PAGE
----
July Publication Schedule

The Lehmann Letter © Here’s the publication schedule for some of July 2009’s most important economic indicators. PUBLICATION SCHEDULE July 2009 Source (* below……Series Description……Day & Date Quarterly Data BEA…………………………GDP………………Fri, 31st Monthly Data ISM……….Purchasing managers’ index……….Wed, 1st BLS…………….Employment………… Thu, 2ndFed…………Consumer credit…..(Approximate).Tue, 7thCensu………Balance of trade………………Fri, 10thCensus………Retail trade…………………….Tue, 14thCensus………Inventories……………………..Tue, 14thBLS………….Producer prices……………….Tue, 14thFed………..Industrial production………….Wed, 15thFed……….Capacity utilization…………….Wed, 15thBL………….Consumer prices………………Wed, 15thCensus……..Housing starts………………….Fri, 17thConf Bd…….Leading indicators…………….Mon, 20th NAR…………Existing-home sales…….…….Thu, 23rdCensus……..New-home sales……………….Mon, 27thConf Bd…….Consumer confidence…………Tue, 28th Census…….Capital goods……………….…..Wed, 29th * BEA = Bureau of Economic Analysis of the U.S. Department of Commerce* BLS = Bureau of Labor Statistics of the U.S. Department of Labor* Census = U.S. Continue reading

Barn Sour

The Lehmann Letter © There’s a general consensus that we’ve hit bottom and the economy will now recover. But recovery is not synonymous with rebound, and the key question remains: How swiftly will the economy snap out of recession? Take a look at the consumer-price-index, interest-rate and housing-starts charts before 1990. Notice the strong inverse relationship between interest rates and residential construction. Consumer Prices (Click on chart to enlarge) (Recessions shaded) Federal Funds Rate (Click on chart to enlarge) (Recessions shaded) Housing Starts (Click on chart to enlarge) (Recessions shaded) The Federal Reserve let interest rates fall whenever inflation subsided. Continue reading

The President’s Plan

The Lehmann Letter ® President Obama’s plan to reorganize and modernize our nation’s financial-regulatory system will institute a big improvement over the status quo. Think of these two issues: 1. With proper regulation, would as many homeowners have faced foreclosure? Would they have been cajoled, enticed and just plain encouraged to take on a mortgage-burden they could not afford? Suppose new regulations institutionalize reasonable down payments and other strictures that prevent irresponsible lending and borrowing, can we reduce the likelihood of another disaster? 2. With proper regulation, would financial intermediaries have been able to securitize those mortgages and pedal them Continue reading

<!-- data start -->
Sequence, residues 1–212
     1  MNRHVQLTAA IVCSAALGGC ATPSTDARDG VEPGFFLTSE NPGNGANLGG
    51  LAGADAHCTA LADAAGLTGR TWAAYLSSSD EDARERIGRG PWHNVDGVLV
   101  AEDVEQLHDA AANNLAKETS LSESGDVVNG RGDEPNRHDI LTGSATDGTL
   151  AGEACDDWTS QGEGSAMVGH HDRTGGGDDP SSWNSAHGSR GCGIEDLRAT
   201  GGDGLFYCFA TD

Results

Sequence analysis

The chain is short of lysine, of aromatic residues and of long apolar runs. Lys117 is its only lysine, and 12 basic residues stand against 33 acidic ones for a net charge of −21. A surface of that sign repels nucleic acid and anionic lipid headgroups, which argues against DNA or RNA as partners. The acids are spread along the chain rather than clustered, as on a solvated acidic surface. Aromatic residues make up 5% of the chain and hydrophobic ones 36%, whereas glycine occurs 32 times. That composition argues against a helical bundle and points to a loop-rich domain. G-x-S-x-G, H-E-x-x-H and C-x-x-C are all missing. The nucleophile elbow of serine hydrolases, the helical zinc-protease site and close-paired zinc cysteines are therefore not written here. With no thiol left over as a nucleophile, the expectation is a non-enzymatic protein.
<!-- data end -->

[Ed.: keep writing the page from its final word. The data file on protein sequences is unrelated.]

Housing Rebound?

The Lehmann Letter ® Today the Census Bureau announced that May housing starts rebounded to 532,000. The chart below reveals that starts remain below all other post-WWII troughs. It’s still too early to declare victory. Housing Starts (Click on chart to enlarge) (Recessions shaded) Moreover, the foreclosure crisis continues unabated. Each month more existing homes are dumped on the market by lenders who have foreclosed on them. New homes, whose construction has just begun, will also add to the total pool of available structures. That does not help resolve the crisis. A construction turnaround would be more welcome if it Continue reading

Consumer Credit

The Lehmann Letter © Earlier this month the Federal Reserve released April data for consumer credit: http://www.federalreserve.gov/releases/g19/Current/ It shrank be $188.4 billion at a seasonally adjusted annual rate. The following chart puts that in perspective. Consumer Credit (Click on chart to enlarge) (Recessions shaded) After years of solid growth averaging over $100 billion per month, consumer credit is now contracting. The table below reports consumer credit at the end of the month. You can derive the monthly change by subtracting one month from the next and multiplying by 12. Jan… 2008 …2,526.0Feb … 2008 … 2,536.9Mar … 2008 …2,549.0Apr … Continue reading